updated April 7, 2003
In order to really understand what's going on in Iraq and beyond, it's useful to have certain information at your fingertips. The goal of this briefing is to put all that basic reference material at your fingertips in one place. Link and/or cite it on your own blogs, or email it to friends who want to keep better tabs on what's going on!
If there's something you'd like to understand better but don't see included here, email me or drop a post in the Comment section. Ditto if you've got a link for an essential basic resource worth including.
- These terms baffle a lot of people: Squad, Brigade, Division, Company - just how many people is that anyway? Here's your definitive answer... at least, as definitive as we can make it.
- Soldiers, Marines, troops - what's the difference? Plenty, says Major Donald Sensing (ret). Use the wrong term, and you'll give all kinds of people high blood pressure and/or make them mad at you. Presenting the style guide you need. UPDATE: "Royal Army" is not a correct term.
- Military acronyms and terms can be sooo confusing. On a basic level, here are some key distinctions and simple terms (Hat Tip: Donald Sensing). For the rest, here's the U.S. Defense Department's military acronym glossary (Hat Tip: The Agonist).
- Military rank also confuses: since a Lieutenant is lower than a Colonel, where does a Lt. Colonel fit? That sort of thing. This page explains the various ranks and their scope of responsibility. If you're a more visual type, this chart shows the ranks and their insignias for enlisted personnel and commissioned officers.
- They're playing a major role in this campaign. Here's what Special Forces really do, complete with vivid and detailed examples. Phil Carter has additional briefing materials.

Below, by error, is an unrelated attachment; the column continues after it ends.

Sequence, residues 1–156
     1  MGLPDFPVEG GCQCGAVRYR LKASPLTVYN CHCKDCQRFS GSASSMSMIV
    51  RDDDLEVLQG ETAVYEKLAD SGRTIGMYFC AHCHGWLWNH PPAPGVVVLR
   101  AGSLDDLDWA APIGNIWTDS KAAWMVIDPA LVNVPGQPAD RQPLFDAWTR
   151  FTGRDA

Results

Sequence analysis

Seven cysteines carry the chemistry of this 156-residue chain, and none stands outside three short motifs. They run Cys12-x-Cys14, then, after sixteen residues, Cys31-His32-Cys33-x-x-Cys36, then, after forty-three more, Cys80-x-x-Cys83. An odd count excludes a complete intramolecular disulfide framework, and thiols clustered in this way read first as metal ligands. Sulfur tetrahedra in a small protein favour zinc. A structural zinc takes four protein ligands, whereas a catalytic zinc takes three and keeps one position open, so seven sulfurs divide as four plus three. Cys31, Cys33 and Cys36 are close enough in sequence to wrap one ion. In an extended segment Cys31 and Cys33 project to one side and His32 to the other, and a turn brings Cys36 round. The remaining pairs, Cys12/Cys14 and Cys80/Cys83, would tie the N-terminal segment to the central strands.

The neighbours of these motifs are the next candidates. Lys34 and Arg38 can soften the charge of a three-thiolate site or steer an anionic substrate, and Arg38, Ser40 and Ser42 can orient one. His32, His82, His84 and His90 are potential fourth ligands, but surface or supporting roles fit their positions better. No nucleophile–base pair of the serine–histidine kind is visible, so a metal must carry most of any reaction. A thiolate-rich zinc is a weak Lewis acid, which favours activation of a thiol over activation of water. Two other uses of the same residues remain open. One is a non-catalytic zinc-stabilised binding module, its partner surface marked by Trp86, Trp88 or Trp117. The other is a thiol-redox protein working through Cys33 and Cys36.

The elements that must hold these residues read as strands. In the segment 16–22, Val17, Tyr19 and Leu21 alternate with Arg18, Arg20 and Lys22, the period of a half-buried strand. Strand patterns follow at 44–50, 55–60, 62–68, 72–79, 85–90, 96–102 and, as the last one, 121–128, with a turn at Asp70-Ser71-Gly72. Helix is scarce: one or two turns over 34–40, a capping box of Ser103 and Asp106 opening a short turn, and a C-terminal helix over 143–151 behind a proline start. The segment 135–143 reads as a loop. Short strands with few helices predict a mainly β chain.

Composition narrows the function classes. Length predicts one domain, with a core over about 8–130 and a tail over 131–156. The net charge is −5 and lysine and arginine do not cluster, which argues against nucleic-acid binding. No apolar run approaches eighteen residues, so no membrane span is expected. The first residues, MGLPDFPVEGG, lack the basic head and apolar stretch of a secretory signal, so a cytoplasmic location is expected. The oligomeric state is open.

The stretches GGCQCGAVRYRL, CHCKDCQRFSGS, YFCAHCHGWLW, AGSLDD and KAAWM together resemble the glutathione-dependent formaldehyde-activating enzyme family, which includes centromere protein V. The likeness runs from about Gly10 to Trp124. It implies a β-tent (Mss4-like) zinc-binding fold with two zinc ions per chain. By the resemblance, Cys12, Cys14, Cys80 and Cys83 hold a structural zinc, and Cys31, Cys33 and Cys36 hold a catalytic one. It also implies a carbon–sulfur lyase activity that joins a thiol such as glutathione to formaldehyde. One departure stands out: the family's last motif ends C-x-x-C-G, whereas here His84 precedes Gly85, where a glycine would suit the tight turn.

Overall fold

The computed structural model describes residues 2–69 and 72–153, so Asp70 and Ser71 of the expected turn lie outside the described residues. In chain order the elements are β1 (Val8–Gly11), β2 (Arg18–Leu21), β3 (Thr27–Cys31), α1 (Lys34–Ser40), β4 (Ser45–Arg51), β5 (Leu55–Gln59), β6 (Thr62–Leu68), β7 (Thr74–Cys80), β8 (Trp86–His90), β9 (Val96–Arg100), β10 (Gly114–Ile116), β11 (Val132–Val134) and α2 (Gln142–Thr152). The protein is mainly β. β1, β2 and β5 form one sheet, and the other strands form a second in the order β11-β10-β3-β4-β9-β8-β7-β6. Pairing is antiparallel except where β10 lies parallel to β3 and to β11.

- Donald Sensing discusses the experience of being in combat.
Additional categories include:
- The mechanics and procedure of taking prisoners of war (POWs) involves the 5-S approach: search, silence, segregate, speed and safeguard.
- Basics of The Geneva Conventions and POWs. (Hat Tip: The Agonist) For more advanced posts regarding the Geneva Conventions generally, head here.
- If you want to go directly to the source regarding POWs, Yale's Avalon Project has that Convention online: Geneva Convention (III) Relative to the Treatment of Prisoners of War; August 12, 1949. See esp. the qualifier in Article 4 (2), which disqualifies Saddam Fedayeen and other units from its protection.
- CPO Sparkey of Team Stryker has an excellent post about human shields and the Fourth Geneva Convention. His comments that the U.S. is effectively encouraging this conduct are well taken. It's followed by this report offering the U.S. Department of Defense view. (Text of the 4th Geneva Convention, 1949).
- Note that the US is not a signatory to the 1977 additional protocols, and so it's worth evaluating "international law" claims carefully to see which parts of the Geneva Conventions they're talking about: the 4 standard conventions, or the new protocols. States are not bound by conventions they have not signed.
- For my analysis of Saddam's chemical and biological options on the battlefield, and an honest look at both allied weaknesses and potential responses, see "Devils in the Details" at Techcentralstation.com.
- Meanwhile, "Toxic Terror Tick-Tock" looks at the issue of terrorists with biochemical weapons: the past, our present, and possible futures.
- StrategyPage is updating a map that shows where it believes the units on both sides are located (Hat Tip: Stephen Green). A more detailed situation map is also available from The Agonist, but may confuse non-experts. Obviously, both maps are guesses.
- Interactive Iraq maps of everything from basic geography to deployed military forces to WMD sites.
- Here's a detailed map showing exactly where Iraq's oilfields are located. Part of a truly excellent and varied collection at the University of Texas, which includes detailed local maps as well. (Hat tip: Matt Johnson)
- The complete Iraq crisis timeline, from the liberation of Kuwait to Gulf War II. Very detailed.
- Need profiles of the allied coalition's units and a list of who's involved? Right here. Though I'm beginning to favour Globalsecurity.org's mini-site instead - please donate to help keep their excellent site going!
- The British Ministry of Defense has their own web page for "Operation Telic", with links to web pages for units and often sub-units participating, ships, and even aircraft types. Wizard.
- How about the same for Iraqi forces? If your military familiarity is closer to intermediate level and above, Jurjen offers some additional context. (Hat Tip: Letter from Gotham)
- Or Details concerning the weapons on both sides, including unconventional weapons and defenses.